How To Reduce Food Wastage
Updated: May 24, 2020
I recently joined a webinar with celebrity chef Sarah Huang Benjamin and Ankesh Shahra, Founder of AgriMax & Director of VertiVegies organised by Swapaholic based in Singapore. The conversation was centered around gut health, food safety, waste, vertical farming, and how to minimise food wastage.
It has been estimated that 1.6 billion tonnes of food is wasted annually and "food waste and loss cost the global economy more than $940 billion a year," accordin to a study by the United Nation’s Food and Agriculture Organization (Schatz, 2020).
Even before the Covid-19 pandemic food scarcity and food wastage was a topic of discussion and now more important than ever. Food is lost or wasted at different stages which include food production, consumption, and supply chain. With disruption in the food supply chain, there’s both an oversupply and shortage of food across the world. It's vital to understand how to reduce our food waste to ensure sustainability today and in the future.
Learning more about your relationship with food and educating yourself will encourage you to be more conscious while shopping and cooking. To reduce food waste consumers need to change the way they cook, shop, and learn how to stretch ingredients over multiple meals. Given the global pandemic many people are eating more meals at home, changing their behaviour, habits, and thoughts about food, and hopefully they’ll remain in the future.
While we can’t directly control the supply chain or production, here are a few ways to reduce, reuse, and recycle your food wastage now and in the future:
Use Leftover Ingredients: If you ate salmon for dinner use the leftovers for lunch the next day in a salad, omelette, or pasta.
Shop Smart and Realistically: This might require you to head to the grocery store more often, but try and buy only what you need for the upcoming week- this will encourage you to use all your produce.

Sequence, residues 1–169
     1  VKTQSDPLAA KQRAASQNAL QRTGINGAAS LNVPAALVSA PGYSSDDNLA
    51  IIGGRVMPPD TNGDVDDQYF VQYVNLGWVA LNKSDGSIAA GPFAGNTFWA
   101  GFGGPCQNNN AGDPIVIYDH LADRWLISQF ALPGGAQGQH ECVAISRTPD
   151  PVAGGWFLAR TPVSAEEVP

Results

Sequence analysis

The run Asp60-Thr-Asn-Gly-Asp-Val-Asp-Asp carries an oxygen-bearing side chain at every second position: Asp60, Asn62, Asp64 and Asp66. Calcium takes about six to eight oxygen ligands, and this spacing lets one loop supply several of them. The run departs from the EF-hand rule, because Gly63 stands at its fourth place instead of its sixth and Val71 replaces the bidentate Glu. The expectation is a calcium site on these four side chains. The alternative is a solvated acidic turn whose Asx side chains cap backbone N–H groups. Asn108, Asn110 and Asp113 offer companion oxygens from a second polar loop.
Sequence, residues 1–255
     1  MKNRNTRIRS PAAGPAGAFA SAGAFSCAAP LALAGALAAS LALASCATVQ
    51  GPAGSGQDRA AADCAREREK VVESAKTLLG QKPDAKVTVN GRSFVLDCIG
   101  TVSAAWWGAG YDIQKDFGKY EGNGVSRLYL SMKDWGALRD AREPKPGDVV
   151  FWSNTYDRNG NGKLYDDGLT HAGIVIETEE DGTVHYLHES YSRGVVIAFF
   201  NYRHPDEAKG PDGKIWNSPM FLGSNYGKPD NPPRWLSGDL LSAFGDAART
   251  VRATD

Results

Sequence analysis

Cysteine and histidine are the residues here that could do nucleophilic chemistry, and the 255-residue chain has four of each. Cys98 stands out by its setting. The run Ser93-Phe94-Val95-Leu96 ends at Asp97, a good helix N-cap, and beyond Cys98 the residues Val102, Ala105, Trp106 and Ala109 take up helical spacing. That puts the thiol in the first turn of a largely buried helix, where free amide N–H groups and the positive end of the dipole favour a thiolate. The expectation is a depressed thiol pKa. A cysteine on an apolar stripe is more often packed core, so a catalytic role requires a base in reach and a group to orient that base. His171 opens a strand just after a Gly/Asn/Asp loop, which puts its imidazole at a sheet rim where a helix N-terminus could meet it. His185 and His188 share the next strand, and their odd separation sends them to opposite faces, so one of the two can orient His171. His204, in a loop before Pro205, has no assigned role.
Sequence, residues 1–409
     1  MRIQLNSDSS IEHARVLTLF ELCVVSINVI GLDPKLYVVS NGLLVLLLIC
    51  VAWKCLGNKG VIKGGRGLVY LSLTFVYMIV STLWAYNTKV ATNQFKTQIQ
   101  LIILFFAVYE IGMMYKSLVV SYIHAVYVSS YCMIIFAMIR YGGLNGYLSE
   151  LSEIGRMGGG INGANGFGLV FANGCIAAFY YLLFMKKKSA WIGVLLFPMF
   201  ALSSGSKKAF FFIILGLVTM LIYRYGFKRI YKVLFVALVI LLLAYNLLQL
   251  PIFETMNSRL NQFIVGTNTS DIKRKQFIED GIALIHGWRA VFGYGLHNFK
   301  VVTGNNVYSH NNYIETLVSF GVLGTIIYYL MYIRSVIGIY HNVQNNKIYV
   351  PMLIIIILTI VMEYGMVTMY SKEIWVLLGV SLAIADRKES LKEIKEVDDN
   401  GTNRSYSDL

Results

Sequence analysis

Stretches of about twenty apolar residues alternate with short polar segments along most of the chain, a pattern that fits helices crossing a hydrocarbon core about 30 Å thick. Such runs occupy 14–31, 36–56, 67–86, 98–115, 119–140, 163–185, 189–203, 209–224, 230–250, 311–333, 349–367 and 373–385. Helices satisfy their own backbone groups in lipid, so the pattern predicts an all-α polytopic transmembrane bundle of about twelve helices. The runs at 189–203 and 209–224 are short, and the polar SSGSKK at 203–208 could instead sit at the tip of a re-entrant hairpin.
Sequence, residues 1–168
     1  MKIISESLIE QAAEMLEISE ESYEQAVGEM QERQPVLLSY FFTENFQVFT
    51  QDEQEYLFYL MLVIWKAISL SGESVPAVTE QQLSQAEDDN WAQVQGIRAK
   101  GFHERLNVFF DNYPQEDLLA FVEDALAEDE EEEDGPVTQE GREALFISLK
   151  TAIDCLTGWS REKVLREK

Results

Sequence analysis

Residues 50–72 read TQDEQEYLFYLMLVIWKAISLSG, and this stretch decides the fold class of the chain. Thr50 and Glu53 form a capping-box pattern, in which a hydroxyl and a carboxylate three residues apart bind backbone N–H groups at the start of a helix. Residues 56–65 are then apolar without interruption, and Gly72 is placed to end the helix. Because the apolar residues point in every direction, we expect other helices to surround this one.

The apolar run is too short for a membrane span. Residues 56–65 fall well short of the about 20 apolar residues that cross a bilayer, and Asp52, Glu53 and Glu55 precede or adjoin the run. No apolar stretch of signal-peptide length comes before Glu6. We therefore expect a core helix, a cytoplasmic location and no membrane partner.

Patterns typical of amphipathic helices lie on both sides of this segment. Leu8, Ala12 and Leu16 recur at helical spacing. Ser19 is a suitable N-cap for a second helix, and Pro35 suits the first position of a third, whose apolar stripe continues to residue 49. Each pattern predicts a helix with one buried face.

While Cooking Don’t Over Serve Food: The idea of massive portions is driven by restaurant culture, cook only what you’ll eat.
Store Food In The Correct Places: Learn whether to keep your produce in the refrigerator or at room temperature.
Avoid Clutter: Keep your pantry and fridge organised and when buying new groceries place your older products upfront so you know to consume them first.
Let The Expiration Dates Be Your Guidelines: Expiration dates focuses on food quality and not food safety, use your senses (taste and smell) to guide you instead.
Keep Track: Make a list of the food you’re throwing out so you can prevent doing so in the future; it’s also helpful to include how much you paid for the product!
Pickling, Fermenting, & Canning: This is a great way to perverse your vegetables and fruits to increase their shelf life for months.
Meal Planning: This is a helpful tool to ensure you only buy the produce you need and decreases the time to plan meals on the day.
Coffee Grounds: If you drink a lot of coffee, grounds are known to make excellent fertilisers for plants.
Pamper Yourself: Try preparing a scrub or mask at home with leftover products such as avocado, fruits, used teabags, or cucumbers.
Blend It Up: While the stems, ends and peels of produce may not be appetising in their whole form, adding them to a smoothie is a way to reap their many benefits (Petronzio, 2015).
Check out the zero waste cookbook Amazing Waste for more inspiration on how to upcycle your produce.
Petronzio, M. (2015, February 15). 11 practical ways you can reduce food waste and save money. Retrieved from https://mashable.com/2015/02/15/food-waste-tips/
Reducing food waste takes innovation. (n.d.). Retrieved from https://www.newfoodmagazine.com/article/109462/food-waste/
Schatz, R. D. (2020, May 19). How 'Upcycled' Ingredients Can Help Reduce The $940 Billion Global Food Waste Problem. Retrieved from https://www.forbes.com/sites/robindschatz/2020/05/19/how-upcycled-ingredients-can-help-reduce-the-940-billion-global-food-waste-problem/#7f7e04ef3ac9